~ “The lamentable, endlessly recurring cycle of atrocity and counter-atrocity that has been so characteristic of human history derives significantly from the turning to metaphysical illusion in the effort to evade the traumatizing impact of human finitude. A vivid contemporary example is provided by post-9/11 America and its “rhetoric of evil.”

The seeds of the rhetoric of evil can be found in the ancient religious metaphysics, originating in Persia and pervasive in contemporary religious fundamentalism, known as “Manichaeism”—the idea that the movement of history is explained by an eternal struggle between the forces of good and the forces of evil. In the rhetoric of evil, Manichaeism is harnessed for political purposes — one’s own group is claimed to embody the forces of good, and the opposing group, the forces of evil. Through such attributions, which are inherently nationalistic or ethnocentric, one’s political aims are justified as being in the service of the good.

The essence of emotional trauma lies in the shattering of what I called the “absolutisms of everyday life,” the system of illusory beliefs that allow us to function in the world, experienced as stable, predictable, and safe. Such shattering is a massive loss of innocence exposing the inescapable contingency of existence on a universe that is chaotic and unpredictable and in which no safety or continuity of being can be assured. Emotional trauma brings us face to face with our finitude and existential vulnerability and with death and loss as possibilities that define our existence and that loom as constant threats. Often traumatized people try to restore the lost illusions shattered by trauma through some form of what I have called “resurrective ideology."

Following 9/11, the Bush administration declared war on global terrorism and drew America into a grandiose, holy crusade that enabled Americans to feel delivered from trauma, chosen by God to rid the world of evil and to bring their way of life (= goodness) to every people on earth. Through such resurrective ideology and its rhetoric of evil, Americans could evade the excruciating existential vulnerability that had been exposed by the attack and once again feel great, powerful, and godlike. A similar evasion can seen at work when the man-made deadly threats of climate change are attributed to benign metaphysical entities such as God or Nature.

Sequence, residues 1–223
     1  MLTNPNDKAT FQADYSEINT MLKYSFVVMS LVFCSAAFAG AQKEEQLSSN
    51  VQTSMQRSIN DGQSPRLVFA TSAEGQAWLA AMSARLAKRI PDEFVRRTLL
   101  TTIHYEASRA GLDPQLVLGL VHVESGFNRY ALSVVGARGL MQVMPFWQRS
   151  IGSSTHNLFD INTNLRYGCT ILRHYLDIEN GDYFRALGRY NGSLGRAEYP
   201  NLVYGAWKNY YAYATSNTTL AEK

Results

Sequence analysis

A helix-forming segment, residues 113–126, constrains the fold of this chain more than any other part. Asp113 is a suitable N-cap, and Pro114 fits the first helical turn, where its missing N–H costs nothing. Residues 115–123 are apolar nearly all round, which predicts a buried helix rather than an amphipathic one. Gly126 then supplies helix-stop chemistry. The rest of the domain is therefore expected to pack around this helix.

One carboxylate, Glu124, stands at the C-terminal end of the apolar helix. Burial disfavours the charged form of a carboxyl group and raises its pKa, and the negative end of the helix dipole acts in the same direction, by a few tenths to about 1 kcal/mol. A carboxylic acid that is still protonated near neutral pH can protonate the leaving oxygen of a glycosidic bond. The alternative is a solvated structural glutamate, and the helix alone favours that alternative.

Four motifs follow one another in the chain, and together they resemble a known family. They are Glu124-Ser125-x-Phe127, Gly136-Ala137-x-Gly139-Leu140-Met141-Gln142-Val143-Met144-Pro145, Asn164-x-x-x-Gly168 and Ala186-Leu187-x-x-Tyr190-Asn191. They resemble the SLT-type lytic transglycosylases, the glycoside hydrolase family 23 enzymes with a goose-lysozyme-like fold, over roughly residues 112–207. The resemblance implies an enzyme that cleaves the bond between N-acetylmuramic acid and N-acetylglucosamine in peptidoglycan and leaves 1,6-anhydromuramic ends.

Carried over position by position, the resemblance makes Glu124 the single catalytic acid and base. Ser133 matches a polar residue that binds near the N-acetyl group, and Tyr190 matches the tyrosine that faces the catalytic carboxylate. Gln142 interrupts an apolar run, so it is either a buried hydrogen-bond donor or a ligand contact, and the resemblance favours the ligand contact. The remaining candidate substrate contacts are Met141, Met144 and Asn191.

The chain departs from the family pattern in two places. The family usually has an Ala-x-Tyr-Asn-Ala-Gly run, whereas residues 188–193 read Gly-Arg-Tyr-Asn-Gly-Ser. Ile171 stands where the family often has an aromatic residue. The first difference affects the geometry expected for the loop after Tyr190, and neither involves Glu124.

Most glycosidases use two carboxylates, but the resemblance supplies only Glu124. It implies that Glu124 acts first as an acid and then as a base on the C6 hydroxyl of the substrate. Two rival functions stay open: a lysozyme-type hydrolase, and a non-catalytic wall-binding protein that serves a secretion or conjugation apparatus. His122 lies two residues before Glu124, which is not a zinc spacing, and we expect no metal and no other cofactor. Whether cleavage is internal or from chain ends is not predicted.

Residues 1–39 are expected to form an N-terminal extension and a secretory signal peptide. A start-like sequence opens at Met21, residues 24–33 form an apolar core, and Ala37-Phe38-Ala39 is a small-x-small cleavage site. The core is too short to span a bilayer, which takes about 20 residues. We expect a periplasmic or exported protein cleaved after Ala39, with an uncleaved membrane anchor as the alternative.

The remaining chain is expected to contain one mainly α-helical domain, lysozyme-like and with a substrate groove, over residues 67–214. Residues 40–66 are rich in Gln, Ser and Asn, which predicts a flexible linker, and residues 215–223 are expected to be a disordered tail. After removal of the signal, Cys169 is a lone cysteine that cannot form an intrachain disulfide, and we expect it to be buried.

Is there an alternative to metaphysical illusion and destructive resurrective ideology? Yes, we must dwell with one another in our common human finitude so that our shared existential vulnerabilities can be brought into dialogue where they can be held and better borne.” ~

Perhaps the core of intellectual maturity is the perception that nothing (well, practically nothing) is all good or all bad — it's a complex and shifting weave of all shades, not just of gray but of all colors, some yet unnamed.

This is a great article — and so relevant to ideas like “make America great again.” That’s the post-9/11 “resurrective ideology.”

The essence: “The seeds of the rhetoric of evil can be found in the ancient religious metaphysics, originating in Persia and pervasive in contemporary religious fundamentalism, known as “Manichaeism”—the idea that the movement of history is explained by an eternal struggle between the forces of good and the forces of evil.

In the rhetoric of evil, Manichaeism is harnessed for political purposes — one’s own group is claimed to embody the forces of good, and the opposing group, the forces of evil. Through such attributions, which are inherently nationalistic or ethnocentric, one’s political aims are justified as being in the service of the good.”

An abandoned Soviet observatory. ”Those places lost their significance together with the utopian ideology, which is now obsolete," says Tkachenko. (Looks like an UFO, doesn’t it?)


Admirers of Harper Lee's classic novel To Kill a Mockingbird have been shocked by the transformation of the lawyer Atticus Finch into a racist in the newly published Go Set a Watchman, set 20 years later. But psychologist William von Hippel says it should not necessarily be a surprise — he argues that it's not unusual for people to become more prejudiced as they get older.